He thought, of course, that he would get it back with a rejection slip. However (surprise! surprise!), the magazine bought the article.

Of course, Camp could have had the studio printshop make up some of the slips. Or he could have borrowed one from any of a thousand unsuccessful Hollywood authors. But that wouldn’t have made a good story. —Milwaukee Journal.

This article was found in the Christian Science Monitor, December 27, 1937.

Props for Hollywood Props

Here is a short piece from CBS about History for Hire, the famous North Hollywood prop rental house. It deals specifically with their work on the film The Artist. It’s a bit dumbed down for a non-props person audience, but it’s still a nice look into History for Hire’s stock.

Props to Hollywood Props

Update: Sorry, I didn’t realize the video wouldn’t appear in this post; you have to follow the link to watch it. The horror!

Links for a Taxing Weekend

You have only a little more than two weeks left to enter my Prop Building Guidebook Contest! Don’t wait until the last minute to enter. I also wanted to point out that a week from Monday (April 22nd), you can start voting for your favorite prop in the contest; tell your friends they can vote for your prop once per day until the contest ends on April 30th. In addition to winners in each of the individual categories, the prop with the most votes will win its own prize category, so vote early and vote often! And now, onto the links.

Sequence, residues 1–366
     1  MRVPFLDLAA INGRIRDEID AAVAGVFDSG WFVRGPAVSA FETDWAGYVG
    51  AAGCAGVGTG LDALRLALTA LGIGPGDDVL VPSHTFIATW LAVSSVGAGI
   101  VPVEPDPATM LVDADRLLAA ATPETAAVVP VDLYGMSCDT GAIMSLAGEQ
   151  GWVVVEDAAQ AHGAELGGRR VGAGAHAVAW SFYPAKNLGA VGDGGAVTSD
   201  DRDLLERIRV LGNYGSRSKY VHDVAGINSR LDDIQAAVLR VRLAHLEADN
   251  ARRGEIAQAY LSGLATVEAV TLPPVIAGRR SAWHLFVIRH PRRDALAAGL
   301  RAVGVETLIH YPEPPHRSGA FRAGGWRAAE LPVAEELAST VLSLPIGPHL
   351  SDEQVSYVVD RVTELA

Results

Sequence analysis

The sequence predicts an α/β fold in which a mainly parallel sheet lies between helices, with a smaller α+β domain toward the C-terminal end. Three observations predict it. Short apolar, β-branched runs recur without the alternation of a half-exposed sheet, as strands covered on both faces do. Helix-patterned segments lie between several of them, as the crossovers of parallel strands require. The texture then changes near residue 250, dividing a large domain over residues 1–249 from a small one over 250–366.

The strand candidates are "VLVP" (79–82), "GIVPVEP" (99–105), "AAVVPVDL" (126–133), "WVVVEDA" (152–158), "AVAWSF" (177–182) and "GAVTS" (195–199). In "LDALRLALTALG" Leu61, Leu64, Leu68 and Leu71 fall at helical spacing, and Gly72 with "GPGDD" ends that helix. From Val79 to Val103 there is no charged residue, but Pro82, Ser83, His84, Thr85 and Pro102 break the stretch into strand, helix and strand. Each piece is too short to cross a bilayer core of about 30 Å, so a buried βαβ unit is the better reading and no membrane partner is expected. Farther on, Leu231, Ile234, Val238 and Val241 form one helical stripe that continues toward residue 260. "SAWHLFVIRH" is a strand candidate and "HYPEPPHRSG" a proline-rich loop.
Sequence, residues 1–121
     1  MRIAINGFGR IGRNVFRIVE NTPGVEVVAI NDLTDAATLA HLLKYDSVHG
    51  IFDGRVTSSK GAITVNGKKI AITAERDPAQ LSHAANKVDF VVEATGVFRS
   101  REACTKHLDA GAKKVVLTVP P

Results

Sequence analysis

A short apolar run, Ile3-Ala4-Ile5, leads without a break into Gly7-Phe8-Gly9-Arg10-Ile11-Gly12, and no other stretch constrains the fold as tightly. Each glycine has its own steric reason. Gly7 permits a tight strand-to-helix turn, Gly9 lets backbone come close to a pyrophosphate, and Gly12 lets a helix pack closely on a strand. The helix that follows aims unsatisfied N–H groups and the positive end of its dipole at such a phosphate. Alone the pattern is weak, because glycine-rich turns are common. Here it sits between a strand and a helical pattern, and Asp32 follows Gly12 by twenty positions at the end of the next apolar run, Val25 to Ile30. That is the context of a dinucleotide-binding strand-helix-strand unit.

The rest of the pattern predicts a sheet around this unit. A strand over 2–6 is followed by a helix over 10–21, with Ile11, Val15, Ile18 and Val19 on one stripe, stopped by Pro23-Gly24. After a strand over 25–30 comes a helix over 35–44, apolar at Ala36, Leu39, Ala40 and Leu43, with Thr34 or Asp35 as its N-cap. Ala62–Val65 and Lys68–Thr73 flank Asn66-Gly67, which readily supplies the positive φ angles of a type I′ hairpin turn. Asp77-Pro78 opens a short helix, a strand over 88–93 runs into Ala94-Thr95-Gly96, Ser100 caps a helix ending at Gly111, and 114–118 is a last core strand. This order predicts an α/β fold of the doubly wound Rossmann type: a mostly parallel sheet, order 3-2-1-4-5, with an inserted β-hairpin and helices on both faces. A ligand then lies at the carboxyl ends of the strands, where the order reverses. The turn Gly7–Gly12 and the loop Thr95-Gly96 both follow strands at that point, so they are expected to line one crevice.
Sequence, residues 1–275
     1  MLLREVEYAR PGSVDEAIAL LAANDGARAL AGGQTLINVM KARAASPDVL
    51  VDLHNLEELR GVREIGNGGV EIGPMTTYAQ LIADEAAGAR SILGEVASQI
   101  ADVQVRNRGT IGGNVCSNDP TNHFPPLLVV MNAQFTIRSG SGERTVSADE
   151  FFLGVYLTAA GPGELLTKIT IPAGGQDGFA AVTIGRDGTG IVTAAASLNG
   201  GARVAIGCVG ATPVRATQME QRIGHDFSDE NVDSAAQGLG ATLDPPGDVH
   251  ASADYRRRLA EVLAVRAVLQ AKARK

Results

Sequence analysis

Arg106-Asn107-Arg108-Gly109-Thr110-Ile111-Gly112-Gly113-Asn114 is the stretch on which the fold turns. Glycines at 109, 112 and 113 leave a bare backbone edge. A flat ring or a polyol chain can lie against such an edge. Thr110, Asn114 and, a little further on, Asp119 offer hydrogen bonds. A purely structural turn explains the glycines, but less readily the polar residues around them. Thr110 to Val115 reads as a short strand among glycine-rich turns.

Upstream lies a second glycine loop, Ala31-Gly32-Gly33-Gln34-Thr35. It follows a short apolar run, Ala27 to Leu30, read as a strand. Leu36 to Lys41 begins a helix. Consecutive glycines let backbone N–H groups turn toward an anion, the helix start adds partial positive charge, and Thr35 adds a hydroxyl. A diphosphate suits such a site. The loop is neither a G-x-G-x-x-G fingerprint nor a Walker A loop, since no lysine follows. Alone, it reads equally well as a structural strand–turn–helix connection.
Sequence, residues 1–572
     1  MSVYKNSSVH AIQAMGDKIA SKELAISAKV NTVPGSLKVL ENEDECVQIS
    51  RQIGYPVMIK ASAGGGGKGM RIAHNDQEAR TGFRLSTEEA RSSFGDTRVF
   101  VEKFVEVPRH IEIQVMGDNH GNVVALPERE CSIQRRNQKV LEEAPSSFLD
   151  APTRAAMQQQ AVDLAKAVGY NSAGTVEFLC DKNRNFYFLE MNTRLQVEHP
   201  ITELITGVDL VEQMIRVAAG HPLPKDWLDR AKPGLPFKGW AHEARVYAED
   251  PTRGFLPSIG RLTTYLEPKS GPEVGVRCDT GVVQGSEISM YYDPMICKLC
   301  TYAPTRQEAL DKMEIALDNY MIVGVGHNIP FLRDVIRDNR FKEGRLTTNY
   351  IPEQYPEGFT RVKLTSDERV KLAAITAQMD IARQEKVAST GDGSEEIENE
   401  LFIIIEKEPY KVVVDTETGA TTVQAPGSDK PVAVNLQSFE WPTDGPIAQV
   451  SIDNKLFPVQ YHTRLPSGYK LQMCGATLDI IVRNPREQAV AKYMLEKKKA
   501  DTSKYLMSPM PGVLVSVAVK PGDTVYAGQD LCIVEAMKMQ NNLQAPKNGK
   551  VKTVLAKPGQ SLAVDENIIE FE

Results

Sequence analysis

Here is a fantastic article about the guys at Spectral Motion, one of Hollywood’s finest creature shops. They’re responsible for most of the monsters in the Hellboy films, as well as for work in X-Men: Last StandBlade:Trinity, and this summer’s Pacific Rim. The article is replete with information about how they got started, what kind of work they do, and what inspires them. It is also heavily illustrated with photographs showing their workshop and the inner workings of some of their creatures. I especially love the following quote about why practical effects are still necessary in an era of digital mimicry:

“A lot of times people turn to digital solutions. That’s also good, if the application is correct. But, you know, a lot of directors that we talk to are of the mind that a practical effect is far better for exactly that reason–because the actor does have a co-actor to work with, to play off of, and to have feelings about.”

I came across this short interview with Mickey Pugh, prop master on films such as Saving Private Ryan and Last of the Mohicans.

From the prop masters email list this week comes Click Americana, an ongoing collection of vintage photos and ephemera from all decades of American history. You can search for specific topics or just browse through by decade, from the 1820s to the 1980s. It has a whole section dedicated to recipes, too, great for when you need to provide period food.

And finally, if you missed my Tweet this week, I shared this video looking at the blood effects in Trinity Rep’s Social Creatures, a “zombie” play now running. Production director Laura Smith and assistant props master Natalie Kearns show us how they make the blood and organs squirt and fly.